Apple cider vinegar has been around for centuries used in ancient health remedies. More recently, the media has pushed apple cider vinegar as a miracle cure for just about everything. From boosting immunity, aiding digestion, improving hair and skin health plus being all-purpose cleaning agent! It seems a daily dose of the stuff will solve all life’s problems.
With the prevalence of chronic disease and obesity skyrocketing, the most influential claim is that apple cider vinegar can assist with weight loss. The question is, does the science support this?
First thing – what is it?
Apple cider vinegar (ACV) is made over a 2-step process. Firstly the natural sugar from apples is fermented into alcohol. Secondly, bacteria are added to convert this alcohol into acetic acid.
Nutritionally speaking, the unfiltered variety that contains the ‘mother’ has the greatest nutritional benefits. ACV, like all vinegars, is low in energy, (12kj per 1 tablespoon). It also contains amino acids, antioxidants, good bacteria (probiotics) and trace amounts of potassium.
Does it fight fat?
A 12-week study in 2009 found that body weight was a modest 1kg lower in participants who consumed 15ml of apple cider daily compared to those who didn’t. The participants also regained the weight they had lost at the conclusion of the study.
One explanation is that apple cider vinegar delays the rate at which food moves from the stomach to the small intestine, increasing satiety and therefore preventing the likelihood of overeating. Interestingly a UK study found the reason for weight loss might simply be due to feeling nauseous after drinking apple cider vinegar. The stuff tastes terrible and basically puts you off eating!
The strongest evidence for apple cider vinegar is in the area of blood sugar control and insulin sensitivity. The active ingredient acetic acid has an anti-glycaemic effect to help regulate blood sugar levels. Studies done both in healthy populations and people with type 2 diabetes showed that apple cider vinegar was effective in reducing post-meal glucose and insulin levels. This research is promising for people with insulin resistance.
Just to burst the bubble though – two things – one, these results are not exclusive to just apple cider vinegar. Acidity from lemon juice, picked vegetables or other types of vinegar will have the same effect. Two, these results were evident only when participants ate high GI carbohydrates such as mashed potato. There was no effect with low GI carbohydrates such as grainy bread.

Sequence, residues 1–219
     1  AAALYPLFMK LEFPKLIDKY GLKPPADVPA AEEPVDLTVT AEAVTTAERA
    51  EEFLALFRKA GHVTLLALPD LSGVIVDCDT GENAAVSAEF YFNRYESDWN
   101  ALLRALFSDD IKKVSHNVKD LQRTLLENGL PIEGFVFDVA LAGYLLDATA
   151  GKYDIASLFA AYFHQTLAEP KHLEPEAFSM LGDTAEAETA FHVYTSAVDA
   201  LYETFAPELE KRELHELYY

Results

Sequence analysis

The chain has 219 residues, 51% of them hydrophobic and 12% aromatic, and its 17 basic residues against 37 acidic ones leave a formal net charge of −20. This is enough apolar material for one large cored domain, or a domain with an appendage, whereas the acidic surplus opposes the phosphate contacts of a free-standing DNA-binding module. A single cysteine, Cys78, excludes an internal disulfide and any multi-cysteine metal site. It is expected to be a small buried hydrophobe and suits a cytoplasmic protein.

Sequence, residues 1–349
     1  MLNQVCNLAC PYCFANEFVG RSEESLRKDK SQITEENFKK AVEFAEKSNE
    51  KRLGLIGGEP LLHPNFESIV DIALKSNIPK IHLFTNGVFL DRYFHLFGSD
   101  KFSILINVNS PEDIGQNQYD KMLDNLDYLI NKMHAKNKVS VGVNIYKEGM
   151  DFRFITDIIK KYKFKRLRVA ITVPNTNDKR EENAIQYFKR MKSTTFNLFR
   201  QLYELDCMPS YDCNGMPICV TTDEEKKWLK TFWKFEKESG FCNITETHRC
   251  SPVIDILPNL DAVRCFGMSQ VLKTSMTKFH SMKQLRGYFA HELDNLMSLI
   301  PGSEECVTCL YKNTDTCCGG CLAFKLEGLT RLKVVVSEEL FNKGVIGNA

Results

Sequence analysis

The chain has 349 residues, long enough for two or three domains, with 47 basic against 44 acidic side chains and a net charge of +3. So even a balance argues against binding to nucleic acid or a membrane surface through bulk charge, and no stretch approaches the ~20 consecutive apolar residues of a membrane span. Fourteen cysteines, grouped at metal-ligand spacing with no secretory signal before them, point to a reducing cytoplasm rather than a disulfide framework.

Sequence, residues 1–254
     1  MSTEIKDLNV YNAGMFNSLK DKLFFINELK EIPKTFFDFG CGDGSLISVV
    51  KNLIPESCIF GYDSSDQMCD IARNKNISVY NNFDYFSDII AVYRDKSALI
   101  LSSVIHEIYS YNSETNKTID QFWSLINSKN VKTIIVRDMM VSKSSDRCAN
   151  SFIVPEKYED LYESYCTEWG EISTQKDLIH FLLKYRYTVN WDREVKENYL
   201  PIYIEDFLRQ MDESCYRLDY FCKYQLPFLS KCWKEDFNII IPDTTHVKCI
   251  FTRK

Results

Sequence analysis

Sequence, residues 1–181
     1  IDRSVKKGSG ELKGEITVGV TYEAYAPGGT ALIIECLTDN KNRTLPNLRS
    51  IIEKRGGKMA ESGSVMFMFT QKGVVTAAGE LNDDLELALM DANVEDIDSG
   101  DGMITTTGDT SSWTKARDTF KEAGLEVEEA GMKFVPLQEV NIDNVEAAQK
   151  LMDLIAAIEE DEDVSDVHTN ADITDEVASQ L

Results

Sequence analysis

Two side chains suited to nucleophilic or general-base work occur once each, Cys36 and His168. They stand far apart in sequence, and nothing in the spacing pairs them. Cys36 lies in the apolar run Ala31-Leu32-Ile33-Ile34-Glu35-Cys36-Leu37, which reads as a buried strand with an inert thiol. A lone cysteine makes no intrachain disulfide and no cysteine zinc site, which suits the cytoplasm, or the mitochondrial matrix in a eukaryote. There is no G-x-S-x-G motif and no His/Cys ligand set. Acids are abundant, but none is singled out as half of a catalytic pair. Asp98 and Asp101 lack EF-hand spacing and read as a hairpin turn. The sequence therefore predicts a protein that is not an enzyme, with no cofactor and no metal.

Is it worth taking?
A note of warning – you definitely don’t want to be drinking ACV straight as it can cause oesophageal damage – its acid after all! People taking medications (mainly diuretics or insulin) should be careful when consuming apple cider vinegar as it may lead to low potassium levels or hypoglycaemia. Just be safe and consult a doctor first.
Consuming a moderate amount of apple cider vinegar daily – 1-2tbsp – is absolutely ok. It might indirectly help you lose weight through feelings of fullness as well as assist with insulin resistance. Some practical ways of including it in your diet include:
- 1:1 with olive oil as a salad dressing
- Add one tablespoon to fresh fruit and soda water for a tasty beverage with your lunch or dinner
- Flavour roasted vegetables with a vinaigrette of apple cider vinegar, honey, Dijon mustard and olive oil
Take home message
- Apple cider vinegar is not your godsend answer to weight loss. The most successful and proven way to lose weight is to take a lifestyle approach. Adding or subtracting single foods or ingredients just won’t cut it.
- If you are to include a moderate amount (1-2tbsp/day) of apple cider vinegar in your diet, choose the cloudy product as it contains the ‘mother’ and has the highest nutritional benefits.
- There are plenty of whole foods (wholegrains, vegetables) that can help you feel full, reduce blood sugar levels, improve gut health and assist the immune system.
- Apple cider vinegar is good for cleaning floors
Darzi, J, et.al. Influence of the tolerability of vinegar as an oral source of short-chain fatty acids on appetite control and food intake, Int. J Obesity. 2014. 38 (5): p 675-81.
Kondo, T, et.al. Vinegar intake reduces body weight, body fat mass, and serum triglyceride levels in obese Japanese subjects. Biosci Biotechnol Biochem, 2009. 73 (8): p. 1837-43.
Liatis, S., et. al. Vinegar reduces postprandial hyperglycaemia in patients with type II diabetes when added to a high, but not to a low, glycaemic index meal. Eur. J. Clinical Nutrition. 2010 64 (7) p. 727-32.
Ostman E., et.al. Vinegar supplementation lower glucose and insulin responses and increases satiety after a bread meal in healthy subjects. Eur. J. Clinical Nutrition. 2005. 59 (9) p. 983-8.